Hotbeds of revolt

THE Armed Forces of the Philippines (AFP) seems to be in a hunt for the masterminds of the alleged “Red October” plot to oust President Rodrigo Duterte.

The first suspects were the political parties in cohort with communists. Confronted in a Senate hearing, the military cleared them and revealed another group of plotters – students that are being recruited by the plotters.

Who were the recruiters is not known but common wisdom will tell us that if there were recruits, then there must be recruiters. Unable to pinpoint the culprit, the military now tells the nation that the colleges and universities are hotbeds of this recruitment. The heads of the institutions denied the charge.

Then the mass transport group declared they will wage their own version of “Red October” to protest the continuing increase in the price of fuel. Last Tuesday is the ninth weekly rise in fuel costs. Of course, blame can be laid on the doorsteps of the voracious oil producing countries but the price could be lowered or mitigated if the government is not likewise as voracious as OPEC by collecting the local taxes on fuel.

That educational institutions are hotbeds of political and social dissent is nothing new. It has always been the schools that created revolutionaries because the environment of critical thought is conducive to the expression of multifarious ideas that often times are depreciative of the existing conditions. The exchange of view, culled from studies of the past and new theories, eventually merge to arrive at a conclusion that social and political changes are needed for the betterment of society.

All Philippine revolutionaries, from the three secularist priests, Mariano Gomez, Jose Burgos, and Jacinto Zamora, to Rizal and to Aguinaldo and our own here in the Visayas, are well schooled and who imbibed the revolutionary thinking of Europe.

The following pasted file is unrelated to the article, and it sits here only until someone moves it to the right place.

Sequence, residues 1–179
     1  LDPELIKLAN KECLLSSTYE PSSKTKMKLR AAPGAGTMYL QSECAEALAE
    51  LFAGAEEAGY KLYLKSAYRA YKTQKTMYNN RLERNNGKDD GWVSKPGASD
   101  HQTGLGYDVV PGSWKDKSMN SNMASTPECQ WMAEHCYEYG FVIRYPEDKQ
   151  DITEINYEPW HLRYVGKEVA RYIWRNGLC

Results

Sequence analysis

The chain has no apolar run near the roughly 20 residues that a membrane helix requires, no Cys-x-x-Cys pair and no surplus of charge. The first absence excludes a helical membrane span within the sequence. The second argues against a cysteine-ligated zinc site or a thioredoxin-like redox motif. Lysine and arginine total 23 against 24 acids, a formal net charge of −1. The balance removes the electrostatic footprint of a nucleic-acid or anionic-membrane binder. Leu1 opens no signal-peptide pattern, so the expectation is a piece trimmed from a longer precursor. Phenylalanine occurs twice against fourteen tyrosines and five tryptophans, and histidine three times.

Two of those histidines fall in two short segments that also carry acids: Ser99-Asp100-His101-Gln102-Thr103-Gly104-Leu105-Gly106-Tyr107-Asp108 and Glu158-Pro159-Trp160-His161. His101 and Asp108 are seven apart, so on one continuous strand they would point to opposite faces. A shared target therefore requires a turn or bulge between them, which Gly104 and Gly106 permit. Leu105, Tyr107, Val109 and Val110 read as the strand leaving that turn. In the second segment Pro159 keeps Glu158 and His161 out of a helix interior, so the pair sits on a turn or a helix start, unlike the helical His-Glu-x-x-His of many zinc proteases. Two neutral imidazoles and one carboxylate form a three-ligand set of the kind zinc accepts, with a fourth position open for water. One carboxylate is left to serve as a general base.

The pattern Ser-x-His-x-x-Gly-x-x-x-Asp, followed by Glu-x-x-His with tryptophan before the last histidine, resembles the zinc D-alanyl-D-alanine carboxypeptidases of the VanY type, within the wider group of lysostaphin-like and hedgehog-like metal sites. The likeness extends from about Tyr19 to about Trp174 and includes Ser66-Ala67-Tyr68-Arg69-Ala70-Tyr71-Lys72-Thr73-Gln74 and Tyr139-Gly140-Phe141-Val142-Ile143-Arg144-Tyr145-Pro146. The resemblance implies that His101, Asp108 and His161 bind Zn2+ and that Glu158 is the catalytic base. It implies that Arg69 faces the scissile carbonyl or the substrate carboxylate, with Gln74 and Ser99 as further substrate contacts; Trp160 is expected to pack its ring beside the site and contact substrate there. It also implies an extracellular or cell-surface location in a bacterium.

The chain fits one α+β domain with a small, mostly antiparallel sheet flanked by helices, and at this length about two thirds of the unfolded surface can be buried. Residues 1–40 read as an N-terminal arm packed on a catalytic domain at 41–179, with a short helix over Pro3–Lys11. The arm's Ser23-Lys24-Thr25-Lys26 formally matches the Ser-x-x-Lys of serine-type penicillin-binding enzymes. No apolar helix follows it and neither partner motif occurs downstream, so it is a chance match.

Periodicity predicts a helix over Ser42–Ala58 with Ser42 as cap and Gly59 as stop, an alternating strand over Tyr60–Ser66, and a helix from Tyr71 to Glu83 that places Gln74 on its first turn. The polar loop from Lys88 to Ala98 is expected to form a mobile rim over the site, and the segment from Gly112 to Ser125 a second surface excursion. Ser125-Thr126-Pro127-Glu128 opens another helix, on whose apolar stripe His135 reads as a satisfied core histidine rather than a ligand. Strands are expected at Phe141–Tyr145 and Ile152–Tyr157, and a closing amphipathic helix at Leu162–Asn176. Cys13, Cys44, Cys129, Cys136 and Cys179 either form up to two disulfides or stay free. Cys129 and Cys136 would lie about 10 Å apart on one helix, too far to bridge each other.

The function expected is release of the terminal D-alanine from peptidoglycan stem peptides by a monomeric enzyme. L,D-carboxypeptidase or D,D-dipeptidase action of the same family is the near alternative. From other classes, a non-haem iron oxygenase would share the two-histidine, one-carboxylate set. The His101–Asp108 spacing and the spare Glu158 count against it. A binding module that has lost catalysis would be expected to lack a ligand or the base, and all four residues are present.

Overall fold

Even Andres Bonifacio, not fortunate or wealthy enough to go to school, learned to read from the basic cartilla and drank from revolutionary books of Europe. The prevailing situation of the Philippines under Spain was the same as those in Europe – the curtailment of human rights – and engendered the idea of revolt.

Of recent memory is the schools’ involvement in the anti-Marcos movement. Initiated first by the Christian Socialist Movement, it drifted towards radicalism. From the series of live-in seminars for student and faculty, the movement shifted to heavier ideological indoctrination that advocated a violent resistance in contrast to the slow parliamentary approach of CSM.

Even Catholic and Aglipayan seminaries were infiltrated and led to the departure of clerics, mainly Catholics who were swayed by the Latin American Liberation Theology. The Gospel and papal social encyclicals were interpreted as supportive even of armed revolt. The rest, as usually said, is history.

Communism which is anathema to Catholic doctrine being atheist became a means to achieve the end social suffering. But as we now know, the revolt against Marcos did not end the suffering of the masses, but it did show the futility of an armed revolt and the failure of the communist ideology to ease human suffering.

Do our schools today still harbour a violent means of changing the political leadership? I was among those in the midst of the storm of those years – 1971 to 1986. I remember one top army officials publicly saying I was the professor of the 14 top leaders of the communist insurgency in Negros. I do not deny that but thousands more of my students were against communism and its view and treatment of man, a creature made unto image and likeness of his Creator. They joined the government, including dozens who became military and police officers and government officials.

This episode in our history only show that schools are moulders of human thought and action, the arena where ideas are tested and proven right or wrong. Almost all, I say almost, of my students who left for the mountains and took up arms have learned their lessons there and returned to the fold of the law and now occupy positions of significance here and abroad.

The military should consider the lessons learned of the involvement of schools in student activism. The schools are the melting pot where ideas clash and the best emerge victorious. Curtailing them is counterproductive, a lesson that the post Marcos AFP must learn.

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